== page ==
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Story Ubuntu 16.04 LTS (Xenial Xerus) to Get the OpenStack Mitaka Treatment Rianne Schestowitz 20/02/2016 - 8:43am
Story Fingerprint Login Proposed for Ubuntu Phones, Meizu PRO 5 Should Support It Rianne Schestowitz 20/02/2016 - 8:42am
Story Raspberry Pi Gets OpenGL Support Rianne Schestowitz 20/02/2016 - 8:38am
Story Linux Kernel 4.3.6 Is the Last in the Series, Users Urged to Move to Linux 4.4 Rianne Schestowitz 20/02/2016 - 8:34am
Story Open Source Interview: Former Mozilla President Li Gong on the HTML5 OS Roy Schestowitz 19/02/2016 - 5:38pm
Story Wine Announcement Roy Schestowitz 19/02/2016 - 4:38pm
Story Canonical Presents Sony Xperia Z1 and OnePlus One as Ubuntu Phones Roy Schestowitz 19/02/2016 - 4:30pm
Story Ubuntu 16.04 LTS (Xenial Xerus) Enters Feature Freeze Roy Schestowitz 19/02/2016 - 4:28pm
Story Tencent and Why Open Source is About to Explode in China Roy Schestowitz 19/02/2016 - 4:27pm
Story 5 Live Linux Desktop Distributions You Should Know Roy Schestowitz 19/02/2016 - 4:20pm

More in Tux Machines

Security: Voting Machines With Windows and Back Doors in Windows Help Crypto-jacking

  • Election Security a High Priority — Until It Comes to Paying for New Voting Machines [Ed: Sadly, the US has outsourced its voting machines to a private company whose systems are managed by Microsoft]
    When poll workers arrived at 6 a.m. to open the voting location in Allentown, New Jersey, for last November’s gubernatorial election, they found that none of the borough’s four voting machines were working. Their replacements, which were delivered about four hours later, also failed. Voters had to cast their ballots on paper, which then were counted by hand. Machine malfunctions are a regular feature of American elections. Even as worries over cybersecurity and election interference loom, many local jurisdictions depend on aging voting equipment based on frequently obsolete and sometimes insecure technology. And the counties and states that fund elections have dragged their heels on providing the money to buy new equipment.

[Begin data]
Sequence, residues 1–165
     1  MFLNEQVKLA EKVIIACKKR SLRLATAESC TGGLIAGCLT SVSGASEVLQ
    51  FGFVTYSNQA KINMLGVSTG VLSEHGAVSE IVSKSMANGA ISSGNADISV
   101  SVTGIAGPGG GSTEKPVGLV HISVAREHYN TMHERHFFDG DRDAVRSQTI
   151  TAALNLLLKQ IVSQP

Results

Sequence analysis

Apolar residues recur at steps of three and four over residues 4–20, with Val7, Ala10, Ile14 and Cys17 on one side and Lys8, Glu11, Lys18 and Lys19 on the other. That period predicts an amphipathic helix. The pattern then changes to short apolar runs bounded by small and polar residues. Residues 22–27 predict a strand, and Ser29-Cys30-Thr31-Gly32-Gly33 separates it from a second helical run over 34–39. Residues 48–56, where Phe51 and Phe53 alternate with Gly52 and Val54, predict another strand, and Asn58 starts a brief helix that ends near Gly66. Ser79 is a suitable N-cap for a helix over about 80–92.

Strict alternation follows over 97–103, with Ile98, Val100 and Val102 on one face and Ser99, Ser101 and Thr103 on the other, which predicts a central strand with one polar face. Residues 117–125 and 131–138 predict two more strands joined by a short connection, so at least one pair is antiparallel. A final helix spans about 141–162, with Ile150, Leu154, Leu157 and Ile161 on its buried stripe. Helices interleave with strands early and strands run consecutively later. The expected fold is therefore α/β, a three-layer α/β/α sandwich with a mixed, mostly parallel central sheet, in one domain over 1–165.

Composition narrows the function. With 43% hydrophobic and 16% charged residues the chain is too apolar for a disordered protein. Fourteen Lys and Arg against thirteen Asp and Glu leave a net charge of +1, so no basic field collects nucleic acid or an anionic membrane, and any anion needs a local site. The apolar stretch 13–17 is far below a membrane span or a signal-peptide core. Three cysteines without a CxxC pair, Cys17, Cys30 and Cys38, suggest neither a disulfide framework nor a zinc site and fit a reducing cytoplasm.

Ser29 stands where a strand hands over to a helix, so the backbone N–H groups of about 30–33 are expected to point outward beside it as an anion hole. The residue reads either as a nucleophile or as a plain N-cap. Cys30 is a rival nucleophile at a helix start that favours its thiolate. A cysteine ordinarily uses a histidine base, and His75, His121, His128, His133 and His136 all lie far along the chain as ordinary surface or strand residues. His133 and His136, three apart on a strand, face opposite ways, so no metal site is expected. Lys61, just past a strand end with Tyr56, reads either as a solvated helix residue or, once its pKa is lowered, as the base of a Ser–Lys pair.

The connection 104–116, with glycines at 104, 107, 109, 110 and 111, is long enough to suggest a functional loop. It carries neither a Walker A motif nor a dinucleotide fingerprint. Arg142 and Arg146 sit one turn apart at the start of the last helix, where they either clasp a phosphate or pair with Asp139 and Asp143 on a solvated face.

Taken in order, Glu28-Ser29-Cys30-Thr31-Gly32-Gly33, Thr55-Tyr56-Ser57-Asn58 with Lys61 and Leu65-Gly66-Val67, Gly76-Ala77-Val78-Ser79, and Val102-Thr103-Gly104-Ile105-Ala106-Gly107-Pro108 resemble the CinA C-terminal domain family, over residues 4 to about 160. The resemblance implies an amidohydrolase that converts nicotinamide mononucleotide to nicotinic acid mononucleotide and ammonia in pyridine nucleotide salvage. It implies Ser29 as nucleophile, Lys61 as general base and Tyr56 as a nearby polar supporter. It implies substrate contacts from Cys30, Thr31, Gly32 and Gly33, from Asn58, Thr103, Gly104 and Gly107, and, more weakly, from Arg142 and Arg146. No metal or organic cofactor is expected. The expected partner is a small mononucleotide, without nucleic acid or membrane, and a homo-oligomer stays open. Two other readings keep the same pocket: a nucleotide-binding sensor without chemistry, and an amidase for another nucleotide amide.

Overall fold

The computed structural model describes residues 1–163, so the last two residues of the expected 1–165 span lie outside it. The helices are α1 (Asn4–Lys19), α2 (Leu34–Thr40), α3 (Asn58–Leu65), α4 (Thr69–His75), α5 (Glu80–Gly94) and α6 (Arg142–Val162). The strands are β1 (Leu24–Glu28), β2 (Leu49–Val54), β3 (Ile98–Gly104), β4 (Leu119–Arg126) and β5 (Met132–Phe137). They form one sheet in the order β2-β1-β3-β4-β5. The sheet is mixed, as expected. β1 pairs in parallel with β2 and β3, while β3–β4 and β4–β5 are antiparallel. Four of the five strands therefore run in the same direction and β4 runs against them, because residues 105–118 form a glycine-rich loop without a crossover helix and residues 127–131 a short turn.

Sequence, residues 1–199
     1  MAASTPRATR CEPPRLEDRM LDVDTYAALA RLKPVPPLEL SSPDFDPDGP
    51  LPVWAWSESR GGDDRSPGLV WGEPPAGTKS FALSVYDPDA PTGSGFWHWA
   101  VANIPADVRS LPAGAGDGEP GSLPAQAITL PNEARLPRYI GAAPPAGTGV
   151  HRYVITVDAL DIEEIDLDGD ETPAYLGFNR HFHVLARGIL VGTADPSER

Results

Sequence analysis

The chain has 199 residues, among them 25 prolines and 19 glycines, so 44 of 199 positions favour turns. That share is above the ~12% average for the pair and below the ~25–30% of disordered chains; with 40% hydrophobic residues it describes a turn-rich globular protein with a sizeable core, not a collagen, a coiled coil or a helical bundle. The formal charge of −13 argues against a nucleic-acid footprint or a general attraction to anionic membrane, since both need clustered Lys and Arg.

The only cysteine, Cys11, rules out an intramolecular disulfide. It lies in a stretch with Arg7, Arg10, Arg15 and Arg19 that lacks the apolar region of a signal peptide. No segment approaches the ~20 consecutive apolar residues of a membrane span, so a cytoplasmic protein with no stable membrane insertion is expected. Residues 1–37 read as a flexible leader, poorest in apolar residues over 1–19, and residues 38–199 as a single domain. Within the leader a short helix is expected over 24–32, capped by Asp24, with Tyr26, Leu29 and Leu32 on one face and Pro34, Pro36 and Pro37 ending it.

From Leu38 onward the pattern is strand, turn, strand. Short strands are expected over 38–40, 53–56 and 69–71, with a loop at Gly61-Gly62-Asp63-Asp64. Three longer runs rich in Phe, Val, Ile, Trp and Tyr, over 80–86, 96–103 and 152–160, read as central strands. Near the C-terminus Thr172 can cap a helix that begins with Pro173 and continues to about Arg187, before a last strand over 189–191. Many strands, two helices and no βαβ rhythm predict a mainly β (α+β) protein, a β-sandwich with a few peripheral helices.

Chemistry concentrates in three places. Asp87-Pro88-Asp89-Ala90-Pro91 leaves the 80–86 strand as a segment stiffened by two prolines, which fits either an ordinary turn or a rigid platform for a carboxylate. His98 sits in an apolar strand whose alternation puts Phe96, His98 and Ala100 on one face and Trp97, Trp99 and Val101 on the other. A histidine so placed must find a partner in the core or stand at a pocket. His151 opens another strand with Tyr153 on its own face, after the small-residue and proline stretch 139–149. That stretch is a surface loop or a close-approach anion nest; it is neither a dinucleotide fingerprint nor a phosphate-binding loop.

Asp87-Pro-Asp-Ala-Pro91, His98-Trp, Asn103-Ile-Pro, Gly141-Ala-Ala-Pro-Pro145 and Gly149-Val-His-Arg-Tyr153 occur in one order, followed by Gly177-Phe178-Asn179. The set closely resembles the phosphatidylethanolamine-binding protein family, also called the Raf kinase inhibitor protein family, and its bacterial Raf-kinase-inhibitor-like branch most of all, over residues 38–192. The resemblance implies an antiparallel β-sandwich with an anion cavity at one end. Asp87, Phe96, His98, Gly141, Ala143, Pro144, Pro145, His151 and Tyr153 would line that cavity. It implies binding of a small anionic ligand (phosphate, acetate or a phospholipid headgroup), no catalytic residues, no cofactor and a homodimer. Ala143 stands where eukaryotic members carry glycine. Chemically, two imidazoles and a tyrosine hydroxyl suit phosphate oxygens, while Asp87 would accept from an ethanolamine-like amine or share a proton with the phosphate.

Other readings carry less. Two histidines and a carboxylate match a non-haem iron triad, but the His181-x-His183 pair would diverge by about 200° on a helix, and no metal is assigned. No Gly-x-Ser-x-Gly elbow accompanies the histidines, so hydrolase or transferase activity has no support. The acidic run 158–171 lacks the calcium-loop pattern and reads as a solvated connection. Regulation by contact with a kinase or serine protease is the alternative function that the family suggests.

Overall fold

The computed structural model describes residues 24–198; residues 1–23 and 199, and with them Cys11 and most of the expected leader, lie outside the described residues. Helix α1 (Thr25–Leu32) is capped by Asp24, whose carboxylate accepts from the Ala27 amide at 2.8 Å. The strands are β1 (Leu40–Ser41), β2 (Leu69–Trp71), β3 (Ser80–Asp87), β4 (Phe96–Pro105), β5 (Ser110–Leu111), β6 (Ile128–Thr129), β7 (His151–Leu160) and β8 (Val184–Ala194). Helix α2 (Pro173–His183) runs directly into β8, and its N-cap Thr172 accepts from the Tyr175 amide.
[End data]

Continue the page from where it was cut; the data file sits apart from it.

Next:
• Congress Can Act Right Now to Prevent Interference in the 2018 Elections [Ed: "confidence" is not security]

    To create that confidence the SAFE Act would: [...]

  • America’s Election Meddling Would Indeed Justify Other Countries Retaliating In Kind
    There is still no clear proof that the Russian government interfered with the 2016 U.S. election in any meaningful way. Which is weird, because Russia and every other country on earth would be perfectly justified in doing so.
  • NSA Exploit Now Powering Cryptocurrency Mining Malware [Ed: Microsoft Windows back door]
    You may have been asked if you'd like to try your hand at mining cryptocurrency. You may have demurred, citing the shortage in graphics cards or perhaps wary you were being coaxed into an elaborate Ponzi scheme. So much for opting out. Thanks to the NSA, you may be involved in mining cryptocurrency, but you're likely not seeing any of the benefits.
  • Cryptocurrency-mining criminals that netted $3 million gear up for more
    Separately, researchers from security firm FireEye said attackers, presumably with no relation to the one reported by Check Point, are exploiting unpatched systems running Oracle's WebLogic Server to install cryptocurrency-mining malware. Oracle patched the vulnerability, indexed as CVE-2017-10271, in October.

today's howtos

More Android Leftovers

Benchmarking Amazon EC2 Instances vs. Various Intel/AMD CPUs

Given the recent performance changes following the Spectre/Meltdown CPU vulnerability mitigation and having just wrapped up some fresh CPU bare metal benchmarks as part of that testing as well as the recent AMD Raven Ridge launch, I've carried out a fresh round this week of benchmarks on various Amazon EC2 on-demand instance types compared to a number of bare metal Intel and AMD processors in looking at how the compute performance compares. Read more